The fluid is assumed to be incompressible and inviscid, and the flow to be irrotational. We introduce Cartesian coordinates x, y, z with the z-axis directed vertically upwards and the x-axis in the direction of the velocity of a moving load U. Gravity is acting in the negative z-direction. We denote by z=ζ(x,y,t) the vertical ice sheet deflection, where z=0 is the undisturbed interface between the ice sheet and the fluid.
In terms of the fluid velocity potential Φ(x,y,t), the equations of the flow are 2.1with the boundary conditions at the interface between the ice sheet and the water 2.2 2.3 and 2.4where ∇4=∂xxxx+∂yyyy+2∂xxyy is the bi-Laplacian operator. Equations (2.2) and (2.4) are the kinematic boundary condition on the free surface and the boundary condition at infinity. Equation (2.3) is the dynamic boundary condition obtained after use of the Bernoulli equation. The dynamic boundary condition depends on the model used to describe the ice sheet. There are many different models for the ice sheet , and here we assume that it satisfies the equations of a thin elastic plate. We neglect the inertia of the thin plate, so the plate acceleration term is not considered here (see  for details), and we assume that there is no initial tension in the plate. The constant D=Eh3/12(1−ν2) is the flexural rigidity of the plate, ρ is the density of the fluid, g is the acceleration due to gravity, h is the ice thickness, E denotes Young’s modulus, ν is the Poisson ratio for ice and p(x,y,t) is the external pressure distribution exerted on the ice sheet. We can choose different formulae for the external pressure, and we will specify it later (see §4).
3. Dispersion relation
By linearizing the problems (2.1)–(2.4) and looking for free waves of the form ei(lx+my−ωt), we obtain the following dispersion relation: 3.1where . By considering uniform plane waves with wavenumber k in the direction of the x-axis, we find that the phase speed c(k)=ω/k is given by 3.2It can be easily shown that the phase speed c(k) tends to for k→0 or and that it always has a minimum given by At this minimum, the group and phase speed are equal. If we consider a moving pressure with U<cmin, the linear solution approaches a uniform flow at infinity since there are no waves with U<cmin (figure 2). For U>cmin, the linear solution is characterized by trains of waves in the far field, with gravity waves of wavenumber kg downstream of the moving pressure and flexural waves of wavenumber kf upstream (figure 2).
In the three-dimensional case, an analysis of the dispersion relation (3.1) was performed by Davys et al.  and steady wave patterns have been studied. The system of steady waves generated by a moving pressure is more complicated than in two dimensions, with different types of waves behind and in front of the pressure. The waves behind the pressure are mainly longer gravity waves and are confined to an angle, while the waves in front of the pressure are shorter flexural waves, curved around the support of the pressure. This angle varies, depending on the ratio U/cmin (see  for more details).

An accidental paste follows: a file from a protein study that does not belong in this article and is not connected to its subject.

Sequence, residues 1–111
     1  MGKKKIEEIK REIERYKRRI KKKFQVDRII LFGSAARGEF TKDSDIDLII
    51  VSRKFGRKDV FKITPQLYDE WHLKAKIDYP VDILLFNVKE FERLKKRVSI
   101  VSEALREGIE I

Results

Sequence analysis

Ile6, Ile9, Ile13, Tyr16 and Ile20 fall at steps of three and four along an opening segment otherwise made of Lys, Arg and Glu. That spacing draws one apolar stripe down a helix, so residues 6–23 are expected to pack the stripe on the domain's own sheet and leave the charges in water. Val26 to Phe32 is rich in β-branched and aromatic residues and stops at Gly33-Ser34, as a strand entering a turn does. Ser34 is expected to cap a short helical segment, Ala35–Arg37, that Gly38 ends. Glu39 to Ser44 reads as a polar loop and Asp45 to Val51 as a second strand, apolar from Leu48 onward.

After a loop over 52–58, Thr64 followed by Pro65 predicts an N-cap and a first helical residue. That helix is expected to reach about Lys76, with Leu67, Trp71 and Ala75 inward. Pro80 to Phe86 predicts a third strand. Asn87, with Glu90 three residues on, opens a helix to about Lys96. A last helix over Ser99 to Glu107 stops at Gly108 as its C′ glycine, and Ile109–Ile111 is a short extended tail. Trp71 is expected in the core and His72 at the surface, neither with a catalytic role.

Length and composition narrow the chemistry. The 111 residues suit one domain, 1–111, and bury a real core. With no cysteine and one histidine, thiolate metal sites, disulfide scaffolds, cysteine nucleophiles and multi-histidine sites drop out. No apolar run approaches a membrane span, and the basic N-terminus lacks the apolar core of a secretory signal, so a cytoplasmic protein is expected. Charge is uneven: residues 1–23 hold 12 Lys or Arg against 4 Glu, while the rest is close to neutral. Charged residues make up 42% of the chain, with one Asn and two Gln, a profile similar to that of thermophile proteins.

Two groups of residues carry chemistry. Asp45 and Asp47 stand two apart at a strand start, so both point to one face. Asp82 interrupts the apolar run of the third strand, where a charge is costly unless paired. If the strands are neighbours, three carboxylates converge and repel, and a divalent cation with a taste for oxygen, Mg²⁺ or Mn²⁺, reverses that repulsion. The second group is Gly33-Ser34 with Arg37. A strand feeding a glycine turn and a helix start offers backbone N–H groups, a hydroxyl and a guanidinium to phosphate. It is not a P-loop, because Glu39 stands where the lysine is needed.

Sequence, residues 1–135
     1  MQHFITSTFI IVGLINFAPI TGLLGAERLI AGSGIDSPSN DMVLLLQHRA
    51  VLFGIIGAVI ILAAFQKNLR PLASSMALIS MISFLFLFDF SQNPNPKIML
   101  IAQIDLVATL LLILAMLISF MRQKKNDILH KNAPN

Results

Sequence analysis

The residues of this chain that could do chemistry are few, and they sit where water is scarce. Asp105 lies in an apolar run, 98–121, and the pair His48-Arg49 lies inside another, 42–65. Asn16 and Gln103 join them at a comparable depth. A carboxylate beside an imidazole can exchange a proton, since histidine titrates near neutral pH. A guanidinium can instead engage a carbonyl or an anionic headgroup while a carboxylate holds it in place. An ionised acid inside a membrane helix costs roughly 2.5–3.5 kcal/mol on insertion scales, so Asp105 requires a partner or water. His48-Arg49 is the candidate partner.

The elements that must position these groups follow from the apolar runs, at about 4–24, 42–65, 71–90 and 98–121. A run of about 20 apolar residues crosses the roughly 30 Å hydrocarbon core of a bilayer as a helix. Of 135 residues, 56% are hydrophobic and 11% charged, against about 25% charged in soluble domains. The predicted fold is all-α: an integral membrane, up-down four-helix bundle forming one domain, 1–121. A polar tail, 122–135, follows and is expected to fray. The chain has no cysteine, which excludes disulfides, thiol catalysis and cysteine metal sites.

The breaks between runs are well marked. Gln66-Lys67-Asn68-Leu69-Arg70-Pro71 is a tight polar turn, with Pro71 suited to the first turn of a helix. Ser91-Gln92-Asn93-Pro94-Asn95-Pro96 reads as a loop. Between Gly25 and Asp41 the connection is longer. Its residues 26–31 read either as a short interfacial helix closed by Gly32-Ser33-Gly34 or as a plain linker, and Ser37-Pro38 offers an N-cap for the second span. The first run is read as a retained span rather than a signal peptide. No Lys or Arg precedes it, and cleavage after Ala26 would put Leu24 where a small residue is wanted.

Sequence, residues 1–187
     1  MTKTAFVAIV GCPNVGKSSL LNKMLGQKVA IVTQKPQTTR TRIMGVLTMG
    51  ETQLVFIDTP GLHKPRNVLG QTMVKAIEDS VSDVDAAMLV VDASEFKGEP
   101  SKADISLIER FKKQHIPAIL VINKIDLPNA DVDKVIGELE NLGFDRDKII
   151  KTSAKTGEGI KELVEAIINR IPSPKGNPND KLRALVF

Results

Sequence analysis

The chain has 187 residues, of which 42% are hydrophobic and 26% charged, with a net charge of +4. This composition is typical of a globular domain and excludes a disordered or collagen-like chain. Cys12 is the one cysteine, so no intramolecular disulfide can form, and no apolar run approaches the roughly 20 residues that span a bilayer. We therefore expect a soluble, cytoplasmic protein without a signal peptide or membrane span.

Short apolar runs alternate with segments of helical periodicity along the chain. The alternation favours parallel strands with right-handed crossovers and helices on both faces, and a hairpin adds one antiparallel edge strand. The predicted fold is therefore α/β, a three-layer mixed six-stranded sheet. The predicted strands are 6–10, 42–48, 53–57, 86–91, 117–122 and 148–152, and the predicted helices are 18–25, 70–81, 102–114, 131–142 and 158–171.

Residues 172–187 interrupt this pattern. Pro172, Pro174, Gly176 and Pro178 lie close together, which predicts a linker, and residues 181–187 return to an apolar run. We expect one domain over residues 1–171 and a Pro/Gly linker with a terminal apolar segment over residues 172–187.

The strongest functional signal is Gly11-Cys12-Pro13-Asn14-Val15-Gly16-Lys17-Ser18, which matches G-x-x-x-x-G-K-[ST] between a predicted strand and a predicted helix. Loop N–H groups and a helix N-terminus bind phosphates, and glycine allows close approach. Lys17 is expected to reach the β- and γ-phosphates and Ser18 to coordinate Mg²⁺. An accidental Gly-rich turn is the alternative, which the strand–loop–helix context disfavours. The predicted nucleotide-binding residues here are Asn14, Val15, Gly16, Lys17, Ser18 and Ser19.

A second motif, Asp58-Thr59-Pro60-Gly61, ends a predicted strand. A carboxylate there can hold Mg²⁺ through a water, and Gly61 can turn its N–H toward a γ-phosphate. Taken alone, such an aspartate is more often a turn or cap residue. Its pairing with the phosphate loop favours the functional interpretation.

4. Numerical scheme
We are interested in steady solutions of the problem (2.1)–(2.4) and we choose a frame of reference moving with the disturbance. We substitute x−Ut by x, Φ(x,y,z,t) by Φ(x−Ut,y,z)−Ux and ζ(x,y,t) by ζ(x−Ut,y). The pressure distribution that models the disturbance is chosen as 4.1Here, P0 is a constant and L defines the size of the support of the pressure. We non-dimensionalize equations (2.1)–(2.4) by using U as the unit of velocity and L as the unit of length. In the moving frame, the equations of motion and the boundary conditions to be solved become 4.2 4.3 4.4 and 4.5where and ε is the dimensionless magnitude of the pressure.
We can introduce a non-dimensional parameter independent of L, It can easily be shown that the critical speed U=cmin corresponds to .
The numerical scheme used to solve the problem is based on the scheme described by Părău & Vanden-Broeck . It uses a boundary-desingularized integral-equation method introduced initially by Landweber & Macagno  for the problem of uniform flow past an ellipsoid and generalized by Forbes  for three-dimensional gravity free-surface flows past a source.
Only the main points of the formulation and of the numerical procedure are presented here. The reader is referred to Părău & Vanden-Broeck  for details. The formulation involves applying Green’s second identity to the functions Φ−x and the three-dimensional free-space Green function where P=(x,y,z), P*=(x*,y*,z*) and P,P*∈SF on a region V consisting of a large-radius hemisphere bounded above by the interface SF between the ice and the water, except for a small hemisphere around the point P*(x*,y*,z*) on SF (figure 3).
We obtain, after some manipulations, where n is the unit normal vector pointing into the fluid. The integral is made non-singular by adding and subtracting a quantity that can be evaluated in a closed form [24–26] and that is then projected onto the xy-plane. It is convenient to introduce the potential ϕ(x,y)=Φ(x,y,ζ(x,y)) on the ice sheet/water interface.